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Report on Atka Volcanic Complex (United States) — 22 February-28 February 2006

Atka Volcanic Complex

Smithsonian / US Geological Survey Weekly Volcanic Activity Report,
22 February-28 February 2006
Managing Editor: Sally Kuhn Sennert

Please cite this report as:

Global Volcanism Program, 2006. Report on Atka Volcanic Complex (United States). In: Sennert, S K (ed.), Weekly Volcanic Activity Report, 22 February-28 February 2006. Smithsonian Institution and US Geological Survey.

Weekly Report (22 February-28 February 2006)

Atka Volcanic Complex

United States

52.331°N, 174.139°W; summit elev. 1518 m

All times are local (unless otherwise noted)

AVO reported that the Concern Color Code at Korovin volcano was raised from Green to Yellow on 22 February due to an increase in seismicity at the volcano. Distinct seismic signals indicating unrest were recorded on 4 days between 17 and 22 January, with a sustained 11-minute-long seismic signal on 22 February. After 22 February, seismicity decreased and distinct seismic signals like those recorded earlier were not detected. Clouds obscured satellite views of the volcano after 22 February. A pilot report on the 22nd indicated that the summit area was obscured by clouds, and there were no signs of ashfall on the flanks and no steam plume above the volcano. No obvious signs of activity were seen on 23 February by observers in the village of Atka. AVO received no reports of volcanic activity and there were no indications that an eruption was imminent.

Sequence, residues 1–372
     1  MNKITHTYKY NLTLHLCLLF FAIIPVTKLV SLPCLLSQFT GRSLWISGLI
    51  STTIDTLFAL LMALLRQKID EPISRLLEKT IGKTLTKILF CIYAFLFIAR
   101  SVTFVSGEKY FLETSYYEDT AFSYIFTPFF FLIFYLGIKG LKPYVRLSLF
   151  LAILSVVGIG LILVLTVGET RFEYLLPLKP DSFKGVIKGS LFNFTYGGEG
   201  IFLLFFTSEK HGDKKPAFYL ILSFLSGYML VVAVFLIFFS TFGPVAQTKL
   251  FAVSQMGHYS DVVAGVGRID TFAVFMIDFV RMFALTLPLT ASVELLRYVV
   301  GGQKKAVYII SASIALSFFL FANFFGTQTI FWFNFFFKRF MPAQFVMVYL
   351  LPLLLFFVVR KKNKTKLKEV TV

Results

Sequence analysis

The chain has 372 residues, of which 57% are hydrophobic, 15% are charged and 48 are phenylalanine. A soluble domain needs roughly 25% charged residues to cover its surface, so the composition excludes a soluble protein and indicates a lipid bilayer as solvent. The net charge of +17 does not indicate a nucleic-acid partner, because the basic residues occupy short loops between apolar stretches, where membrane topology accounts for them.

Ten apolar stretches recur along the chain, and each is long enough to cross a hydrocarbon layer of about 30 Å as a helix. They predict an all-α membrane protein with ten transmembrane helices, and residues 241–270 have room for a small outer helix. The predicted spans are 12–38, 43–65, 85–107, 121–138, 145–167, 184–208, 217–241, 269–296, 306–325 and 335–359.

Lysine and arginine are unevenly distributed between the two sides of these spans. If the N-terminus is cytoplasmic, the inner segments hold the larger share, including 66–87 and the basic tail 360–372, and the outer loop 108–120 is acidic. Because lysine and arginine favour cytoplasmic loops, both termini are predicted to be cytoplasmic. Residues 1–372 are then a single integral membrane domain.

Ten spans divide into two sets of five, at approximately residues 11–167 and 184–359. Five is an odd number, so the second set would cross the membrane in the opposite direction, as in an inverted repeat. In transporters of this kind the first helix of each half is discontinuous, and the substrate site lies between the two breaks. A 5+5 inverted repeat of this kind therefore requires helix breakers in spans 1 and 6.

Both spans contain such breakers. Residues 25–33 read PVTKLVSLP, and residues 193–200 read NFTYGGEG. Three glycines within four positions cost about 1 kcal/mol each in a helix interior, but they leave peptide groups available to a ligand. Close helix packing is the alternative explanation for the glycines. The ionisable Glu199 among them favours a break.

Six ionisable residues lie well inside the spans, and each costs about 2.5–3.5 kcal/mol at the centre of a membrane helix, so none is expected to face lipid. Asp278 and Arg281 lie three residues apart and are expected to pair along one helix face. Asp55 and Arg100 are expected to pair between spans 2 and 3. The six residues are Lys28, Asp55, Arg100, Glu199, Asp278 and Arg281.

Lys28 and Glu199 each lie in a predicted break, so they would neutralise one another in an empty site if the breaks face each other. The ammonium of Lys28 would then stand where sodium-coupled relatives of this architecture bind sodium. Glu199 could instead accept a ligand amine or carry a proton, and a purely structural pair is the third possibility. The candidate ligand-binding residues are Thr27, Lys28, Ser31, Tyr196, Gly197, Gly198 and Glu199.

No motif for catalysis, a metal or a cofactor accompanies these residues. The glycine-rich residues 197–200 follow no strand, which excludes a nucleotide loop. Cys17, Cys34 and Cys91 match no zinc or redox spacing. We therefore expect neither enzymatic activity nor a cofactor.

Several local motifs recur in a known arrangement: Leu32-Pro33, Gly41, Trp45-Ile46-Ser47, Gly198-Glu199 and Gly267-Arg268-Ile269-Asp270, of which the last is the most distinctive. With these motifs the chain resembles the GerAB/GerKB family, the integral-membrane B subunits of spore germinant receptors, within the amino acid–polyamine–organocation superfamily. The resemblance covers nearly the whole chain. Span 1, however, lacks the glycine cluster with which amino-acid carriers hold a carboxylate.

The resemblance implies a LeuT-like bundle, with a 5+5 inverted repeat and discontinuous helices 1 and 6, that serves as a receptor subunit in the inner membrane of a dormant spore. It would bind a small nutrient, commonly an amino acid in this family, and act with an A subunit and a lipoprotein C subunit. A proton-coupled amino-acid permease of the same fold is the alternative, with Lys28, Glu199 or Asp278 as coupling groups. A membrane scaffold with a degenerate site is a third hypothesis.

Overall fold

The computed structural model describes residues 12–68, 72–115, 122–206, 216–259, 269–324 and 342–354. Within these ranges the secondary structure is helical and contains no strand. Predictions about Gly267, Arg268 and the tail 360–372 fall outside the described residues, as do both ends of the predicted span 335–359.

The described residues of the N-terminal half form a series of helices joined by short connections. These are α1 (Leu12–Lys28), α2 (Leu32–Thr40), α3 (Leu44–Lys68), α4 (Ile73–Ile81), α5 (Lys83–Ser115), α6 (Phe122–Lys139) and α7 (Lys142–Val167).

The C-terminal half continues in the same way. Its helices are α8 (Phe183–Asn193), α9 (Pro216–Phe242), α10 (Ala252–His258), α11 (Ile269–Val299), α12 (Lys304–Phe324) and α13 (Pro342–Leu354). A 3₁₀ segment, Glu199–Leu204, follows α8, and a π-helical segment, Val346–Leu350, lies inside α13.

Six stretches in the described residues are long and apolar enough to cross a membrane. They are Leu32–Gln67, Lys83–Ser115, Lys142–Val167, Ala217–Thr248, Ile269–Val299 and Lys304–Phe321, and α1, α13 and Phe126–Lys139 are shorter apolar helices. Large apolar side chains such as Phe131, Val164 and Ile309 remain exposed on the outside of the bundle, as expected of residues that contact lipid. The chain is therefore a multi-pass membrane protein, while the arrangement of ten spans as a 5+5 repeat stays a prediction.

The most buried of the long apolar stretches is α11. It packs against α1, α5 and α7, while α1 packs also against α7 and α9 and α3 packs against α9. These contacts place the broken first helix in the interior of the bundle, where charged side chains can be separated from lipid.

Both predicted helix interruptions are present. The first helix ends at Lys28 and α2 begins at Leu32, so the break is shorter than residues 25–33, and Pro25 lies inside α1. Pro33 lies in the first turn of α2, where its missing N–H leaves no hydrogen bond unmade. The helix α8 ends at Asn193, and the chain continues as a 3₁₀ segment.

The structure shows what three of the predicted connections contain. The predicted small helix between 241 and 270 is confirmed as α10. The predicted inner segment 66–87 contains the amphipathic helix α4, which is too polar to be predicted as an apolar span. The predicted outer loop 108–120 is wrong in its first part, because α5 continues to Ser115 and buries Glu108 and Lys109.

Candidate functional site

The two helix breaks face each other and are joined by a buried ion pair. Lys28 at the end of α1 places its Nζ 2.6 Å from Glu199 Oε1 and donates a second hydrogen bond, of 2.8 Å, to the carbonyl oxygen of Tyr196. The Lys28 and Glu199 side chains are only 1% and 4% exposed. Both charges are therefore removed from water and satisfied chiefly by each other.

Geological Summary. The Atka Volcanic Complex consists of a central shield and Pleistocene caldera with several post-caldera volcanoes. A major dacitic explosive eruption accompanied formation of the caldera about 500,000 to 300,000 years ago. The most prominent of the post-caldera stratovolcanoes are Kliuchef and Sarichef, both of which may have been active in historical time. Sarichef has a symmetrical profile, but the less eroded Kliuchef is the source of most if not all historical eruptions. Kliuchef may have been active on occasion simultaneously with Korovin volcano to the north. Hot springs and fumaroles are located on the flanks of Mount Kliuchef and in a glacial valley SW of Kliuchef. Korovin, at the NE tip of Atka Island, is the most frequently active volcano of the complex, and contains a double summit with two craters. The NW summit has a small crater, but the 1-km-wide crater of the SE cone has an open cylindrical vent of widely variable depth that sometimes contains a crater lake or a high magma column. A fresh-looking cinder cone lies on the flank of the partially dissected Konia volcano, located on the SE flank of the dominantly basaltic Korovin. Some late-stage dacitic lava flows are present on both Korovin and Konia.

Source: US Geological Survey Alaska Volcano Observatory (AVO)